• Horace Rowan Gaither: Chairman of the Board, 1949–1959, 1960–1961; known for the Gaither Report.
  • David Galula, French officer and scholar
  • James J. Gillogly: cryptographer and computer scientist
  • Karen Elliott House: Chairman of the Board, 2009–present, former publisher, The Wall Street Journal; Former Senior Vice President, Dow Jones & Company, Inc.
  • Brian Michael Jenkins: terrorism expert, Senior Advisor to the President of the RAND Corporation, and author of Unconquerable Nation
  • Herman Kahn: theorist on nuclear war and one of the founders of scenario planning
  • Amrom Harry Katz
  • Konrad Kellen: research analyst and author, co-wrote open letter to U.S. government in 1969 recommending withdrawal from Vietnam war
  • Zalmay Khalilzad: U.S. ambassador to United Nations
  • Henry Kissinger: United States Secretary of State (1973–1977); National Security Advisor (1969–1975); Nobel Peace Prize Winner (1973)
  • Kevin N. Lewis
  • Ann McLaughlin Korologos: Chairman of the Board, April 2004–2009; Chairman Emeritus, The Aspen Institute
  • Lewis "Scooter" Libby: United States Vice-President Dick Cheney''s former Chief of Staff
  • Ray Mabus: Former ambassador, governor
  • Daniel M. Maggin: sculptor
  • Harry Markowitz: economist, greatly advanced financial portfolio theory by devising mean variance analysis, Nobel Prize in Economics
  • Andrew W. Marshall: military strategist, director of the U.S. DoD Office of Net Assessment
  • Margaret Mead: U.S. anthropologist
  • Douglas Merrill: former Google CIO & President of EMI''s digital music division
  • Newton N. Minow: Chairman of the board, 1970–1972
  • Lloyd N. Morrisett: Chairman of the board, 1986–1995
  • John Forbes Nash, Jr.: mathematician, won the Nobel Prize in Economics
  • John von Neumann: mathematician, pioneer of the modern digital computer
  • Allen Newell: artificial intelligence
  • Paul O''Neill: Chairman of the board, 1997–2000
  • Edmund Phelps: winner of the 2006 Nobel Prize in Economics
  • Arthur E. Raymond: Chief engineer, Douglas Aircraft Company, RAND founder
  • Condoleezza Rice: former intern, former trustee (1991–1997), and former Secretary of State for the United States
  • Michael D. Rich: RAND President and Chief Executive Officer, Nov. 1, 2011–present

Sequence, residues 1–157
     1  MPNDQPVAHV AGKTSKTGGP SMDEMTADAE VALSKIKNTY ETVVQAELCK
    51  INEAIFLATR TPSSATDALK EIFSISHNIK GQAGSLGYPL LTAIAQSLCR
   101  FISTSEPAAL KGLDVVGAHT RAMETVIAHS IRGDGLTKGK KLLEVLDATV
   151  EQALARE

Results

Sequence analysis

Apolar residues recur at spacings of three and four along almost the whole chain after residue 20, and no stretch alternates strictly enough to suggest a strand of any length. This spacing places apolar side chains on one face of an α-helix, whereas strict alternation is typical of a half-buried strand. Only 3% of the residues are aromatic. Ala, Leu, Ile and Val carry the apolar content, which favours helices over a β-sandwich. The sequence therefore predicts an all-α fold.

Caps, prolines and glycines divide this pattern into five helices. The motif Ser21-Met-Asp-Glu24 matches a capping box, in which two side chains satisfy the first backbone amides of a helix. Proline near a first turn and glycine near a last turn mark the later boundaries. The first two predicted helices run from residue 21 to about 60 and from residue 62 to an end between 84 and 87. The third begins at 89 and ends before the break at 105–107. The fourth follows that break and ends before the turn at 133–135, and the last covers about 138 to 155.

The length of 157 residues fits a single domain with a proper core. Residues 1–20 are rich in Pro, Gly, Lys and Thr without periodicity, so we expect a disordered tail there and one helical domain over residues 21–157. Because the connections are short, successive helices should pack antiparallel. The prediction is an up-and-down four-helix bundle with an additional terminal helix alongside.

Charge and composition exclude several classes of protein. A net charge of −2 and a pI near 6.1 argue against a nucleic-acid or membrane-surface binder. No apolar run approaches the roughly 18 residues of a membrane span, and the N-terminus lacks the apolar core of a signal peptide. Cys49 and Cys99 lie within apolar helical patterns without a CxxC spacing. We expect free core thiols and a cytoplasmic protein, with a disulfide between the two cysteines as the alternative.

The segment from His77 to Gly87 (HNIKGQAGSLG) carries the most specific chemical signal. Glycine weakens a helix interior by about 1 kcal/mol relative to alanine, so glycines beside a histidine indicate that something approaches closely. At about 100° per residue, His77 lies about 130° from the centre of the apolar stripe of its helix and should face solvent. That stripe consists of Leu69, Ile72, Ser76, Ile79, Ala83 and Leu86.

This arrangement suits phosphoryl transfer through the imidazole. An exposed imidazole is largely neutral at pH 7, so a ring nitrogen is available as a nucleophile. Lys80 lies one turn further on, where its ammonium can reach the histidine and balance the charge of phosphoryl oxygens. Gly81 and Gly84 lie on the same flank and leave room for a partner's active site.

• Leo Rosten: academic and humorist, helped set up the social sciences division of RAND
  • Donald Rumsfeld: Chairman of board from 1981 to 1986; 1995–1996 and secretary of defense for the United States from 1975 to 1977 and 2001 to 2006.
  • Robert M. Salter: advocate of the vactrain maglev train concept
  • Paul Samuelson: economist, Nobel Prize in Economics
  • Thomas C. Schelling: economist, won the 2005 Nobel Prize in Economics
  • James Schlesinger: former secretary of defense and former secretary of energy
  • Norman Shapiro: mathematician, co-author of the Rice–Shapiro theorem, MH Email and RAND-Abel co-designer
  • Lloyd Shapley: mathematician and game theorist, won the Nobel Prize in Economics
  • Cliff Shaw: inventor of the linked list and co-author of the first artificial intelligence program
  • Abram Shulsky: former Director of the Pentagon''s Office of Special Plans
  • Herbert Simon: Political scientist, psychologist, won the 1978 Nobel Prize in Economics
  • James Steinberg: Deputy National Security Advisor to Bill Clinton
  • Ratan Tata: Chairman Emeritus of Tata Sons
  • James Thomson: RAND president and CEO, 1989 – Oct. 31, 2011
  • Willis Ware: JOHNNIAC co-designer, and early computer privacy pioneer
  • William H. Webster: Chairman of the Board, 1959–1960
  • Oliver Williamson: economist, won the 2009 Nobel Prize in Economics
  • Albert Wohlstetter: mathematician and Cold-War strategist
  • Roberta Wohlstetter: policy analyst and military historian

Over the last 60 years, more than 30 Nobel Prize winners have been involved or associated with the RAND Corporation at some point in their careers.

Tags:American, Arlington, Australia, Belgium, Boston, Brussels, California, Cambridge, Canberra, Cheney, Condoleezza Rice, Dick Cheney, Donald Rumsfeld, Europe, Forbes, Ford, French, Google, Health Insurance, Henry Kissinger, Internet, Kissinger, Lloyd, Louisiana, Massachusetts, Nations, Newton, Nobel, Nobel Peace Prize, Nobel Prize, Office of Special Plans, Pennsylvania, Pentagon, Ph.D, President, RAND, RAND Corporation, Ray, Rumsfeld, Santa Monica, Soviet, The Wall Street Journal, Thomas, United Kingdom, United Nations, United States, Vietnam, Virginia, Wall Street, Wall Street Journal, Website, Wikipedia

RAND Media

RAND Terms

RAND Articles

RAND Your Feedback